It’s hard to properly regard one’s self as powerful and indomitable whilst being slapped in the face by the icy swells of the unforgiving Atlantic ocean, or at the mercy of the unpredictable and wild climates of the high-altitude alpines, or suspended five-hundred feet up a sheer and unrelenting granite rock-face. Or at least it should be hard.

When faced with the prospect of a rapidly approaching ocean storm near the Northern tip of Scotland during his circumnavigation attempt, and encouraged by the hollow social media claims of “you’re a beast!” and “show this storm what you can do!”, Edgley was forced to explain to his followers that “you don’t swim through a storm – the way that you beat a storm is that you hide, you hope that it maybe lets you for a brief moment – and if it lets you, then you go out you are allowed to swim. You don’t beat a storm.”

Even for a powerful man with ludicrously high bench-press and dead-lift numbers in the gym, the sense of human limitation is apparent. Ross clearly had an excellent understanding of just how insignificant he is when compared to the overcoming vastness and strength of the ocean; despite his best efforts, he was at its mercy.

Kilian Jornet repeated a similar message, captioning a photo of his scaling of the iconic and formidable Matterhorn, “we are only a tiny dot in the immensity – we can’t battle, race or conquer mountains… we can just pass as lightly as possible, trying to be just a caress.”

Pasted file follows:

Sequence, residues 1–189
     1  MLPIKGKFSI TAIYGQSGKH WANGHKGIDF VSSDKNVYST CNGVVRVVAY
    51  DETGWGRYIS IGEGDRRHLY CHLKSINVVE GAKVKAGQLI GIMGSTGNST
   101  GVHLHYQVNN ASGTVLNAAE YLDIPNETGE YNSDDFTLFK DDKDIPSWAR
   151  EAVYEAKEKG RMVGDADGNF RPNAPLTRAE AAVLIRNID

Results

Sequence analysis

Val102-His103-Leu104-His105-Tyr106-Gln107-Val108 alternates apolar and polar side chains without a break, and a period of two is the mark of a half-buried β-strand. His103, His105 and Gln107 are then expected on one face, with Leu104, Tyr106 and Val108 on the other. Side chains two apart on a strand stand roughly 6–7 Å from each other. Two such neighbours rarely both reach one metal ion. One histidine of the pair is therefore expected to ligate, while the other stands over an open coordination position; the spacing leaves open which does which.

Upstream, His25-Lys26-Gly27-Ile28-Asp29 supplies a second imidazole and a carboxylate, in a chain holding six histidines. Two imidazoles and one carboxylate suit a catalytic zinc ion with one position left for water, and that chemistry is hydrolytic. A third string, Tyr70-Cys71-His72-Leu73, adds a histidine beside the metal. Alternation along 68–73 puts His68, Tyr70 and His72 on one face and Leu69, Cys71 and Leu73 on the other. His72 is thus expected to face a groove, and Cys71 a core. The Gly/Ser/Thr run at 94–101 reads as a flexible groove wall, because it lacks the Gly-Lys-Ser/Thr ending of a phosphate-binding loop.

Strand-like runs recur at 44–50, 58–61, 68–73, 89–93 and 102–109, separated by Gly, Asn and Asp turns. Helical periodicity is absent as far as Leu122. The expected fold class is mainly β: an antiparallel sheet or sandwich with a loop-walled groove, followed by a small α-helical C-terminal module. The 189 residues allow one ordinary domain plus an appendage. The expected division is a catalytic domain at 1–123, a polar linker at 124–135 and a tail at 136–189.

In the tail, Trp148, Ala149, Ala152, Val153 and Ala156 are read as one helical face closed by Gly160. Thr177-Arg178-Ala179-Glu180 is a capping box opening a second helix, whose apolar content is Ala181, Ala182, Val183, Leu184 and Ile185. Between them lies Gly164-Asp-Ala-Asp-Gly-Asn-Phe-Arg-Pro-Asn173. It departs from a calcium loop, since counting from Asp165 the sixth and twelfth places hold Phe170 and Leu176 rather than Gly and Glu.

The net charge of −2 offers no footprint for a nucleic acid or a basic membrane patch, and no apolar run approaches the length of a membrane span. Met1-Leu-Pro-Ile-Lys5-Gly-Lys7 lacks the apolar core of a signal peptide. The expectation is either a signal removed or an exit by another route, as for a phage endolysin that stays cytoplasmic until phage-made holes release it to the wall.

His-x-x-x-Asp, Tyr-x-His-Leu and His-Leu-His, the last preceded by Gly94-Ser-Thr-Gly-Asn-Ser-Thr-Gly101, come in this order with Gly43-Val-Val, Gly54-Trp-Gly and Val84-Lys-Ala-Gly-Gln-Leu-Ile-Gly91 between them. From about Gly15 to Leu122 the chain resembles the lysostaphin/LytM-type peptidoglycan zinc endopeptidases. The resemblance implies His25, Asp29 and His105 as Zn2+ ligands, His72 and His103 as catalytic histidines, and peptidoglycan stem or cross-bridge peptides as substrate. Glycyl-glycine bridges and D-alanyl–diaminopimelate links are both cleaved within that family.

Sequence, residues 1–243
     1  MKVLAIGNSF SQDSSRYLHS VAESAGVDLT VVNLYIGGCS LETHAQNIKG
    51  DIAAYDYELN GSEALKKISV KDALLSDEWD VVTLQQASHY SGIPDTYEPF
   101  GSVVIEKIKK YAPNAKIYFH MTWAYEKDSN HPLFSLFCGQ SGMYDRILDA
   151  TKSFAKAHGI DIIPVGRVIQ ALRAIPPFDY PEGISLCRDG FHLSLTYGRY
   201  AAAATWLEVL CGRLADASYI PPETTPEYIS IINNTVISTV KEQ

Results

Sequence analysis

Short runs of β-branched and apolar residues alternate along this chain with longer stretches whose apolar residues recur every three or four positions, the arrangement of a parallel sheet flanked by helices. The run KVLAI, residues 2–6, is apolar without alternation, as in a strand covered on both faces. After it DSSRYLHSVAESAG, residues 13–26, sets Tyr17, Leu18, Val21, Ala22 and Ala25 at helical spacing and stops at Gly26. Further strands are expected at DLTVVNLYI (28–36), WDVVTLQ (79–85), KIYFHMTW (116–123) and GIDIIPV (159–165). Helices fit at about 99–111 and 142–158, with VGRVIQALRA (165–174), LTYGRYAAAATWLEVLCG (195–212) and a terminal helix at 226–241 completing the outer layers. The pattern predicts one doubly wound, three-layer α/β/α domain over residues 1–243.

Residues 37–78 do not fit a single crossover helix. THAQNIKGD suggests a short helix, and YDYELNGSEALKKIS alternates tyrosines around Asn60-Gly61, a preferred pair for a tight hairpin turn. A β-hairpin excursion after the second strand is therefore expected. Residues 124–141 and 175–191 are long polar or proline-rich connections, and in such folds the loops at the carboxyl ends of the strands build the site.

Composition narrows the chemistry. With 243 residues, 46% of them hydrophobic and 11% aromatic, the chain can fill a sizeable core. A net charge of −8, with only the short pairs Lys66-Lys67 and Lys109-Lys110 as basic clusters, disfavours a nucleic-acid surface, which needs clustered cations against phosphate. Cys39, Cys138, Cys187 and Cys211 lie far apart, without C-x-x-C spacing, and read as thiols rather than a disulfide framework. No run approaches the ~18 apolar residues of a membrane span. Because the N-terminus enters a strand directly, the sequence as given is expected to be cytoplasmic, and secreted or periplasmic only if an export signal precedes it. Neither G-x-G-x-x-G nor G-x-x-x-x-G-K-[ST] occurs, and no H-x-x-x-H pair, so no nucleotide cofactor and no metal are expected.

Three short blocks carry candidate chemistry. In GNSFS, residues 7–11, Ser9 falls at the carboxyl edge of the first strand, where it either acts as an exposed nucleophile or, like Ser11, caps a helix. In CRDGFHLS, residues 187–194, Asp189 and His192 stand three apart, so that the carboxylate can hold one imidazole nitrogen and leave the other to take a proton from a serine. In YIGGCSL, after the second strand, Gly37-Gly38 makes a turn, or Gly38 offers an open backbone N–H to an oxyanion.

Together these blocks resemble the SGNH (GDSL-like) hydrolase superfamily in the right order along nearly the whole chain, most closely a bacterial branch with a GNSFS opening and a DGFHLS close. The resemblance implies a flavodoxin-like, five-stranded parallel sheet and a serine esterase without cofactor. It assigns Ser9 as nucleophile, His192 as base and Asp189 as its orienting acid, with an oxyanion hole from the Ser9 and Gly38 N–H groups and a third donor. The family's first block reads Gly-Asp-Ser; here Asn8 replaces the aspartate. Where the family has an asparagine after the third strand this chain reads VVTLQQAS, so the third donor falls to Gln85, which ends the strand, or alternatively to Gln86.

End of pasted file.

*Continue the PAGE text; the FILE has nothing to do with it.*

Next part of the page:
Time spent enduring in nature should be a constant reminder to us of our relative scale in the universe. We can’t out-wrestle the ocean and tides, or truly ‘conquer’ mountains and ridge-lines. The Sierra Nevada doesn’t care about your lactate threshold. The Pacific isn’t moved by how much you can press. We can merely do all that we are capable of, on any given day, whilst holding a real appreciation and respect for the forces of nature and the possibility of them derailing our ambitions.

Why is any of this important? Why is being humble important?

Maybe it’s not. I suppose someone could argue that.

There is no golden rule, after all, about how we should conduct ourselves as people or as athletes.

To me, it simply seems to be a better way to live. To favour genuine respect and quiet-confidence over arrogance and self-assurance. I would argue that it perhaps set us up to better deal with the occasions in which we don’t successfully conquer our goals – when we are beaten down by the unrelenting elements of the natural world. I think it is also easier to work ‘with’ nature rather than to fight against it – to “roll with the punches”, as it were. If you can peacefully come to terms with a slower swimming speed when faced with unexpected ocean swells, rather than violently struggling forwards in protest, then I suspect your chances of success are incrementally higher.

The punches are inevitable – our success is not always.

The likes of Jornet, Honnold and Edgley have forged a template for the twenty-first century aspiring athlete – one of eagerness, discipline, humility, resilience and an innate respect for the powers of the natural world. They lead by example, and I hope to one day follow.

While the finer details of my athletic future are not mapped out, I know exactly the kind of values that I hope to carry with me throughout my career.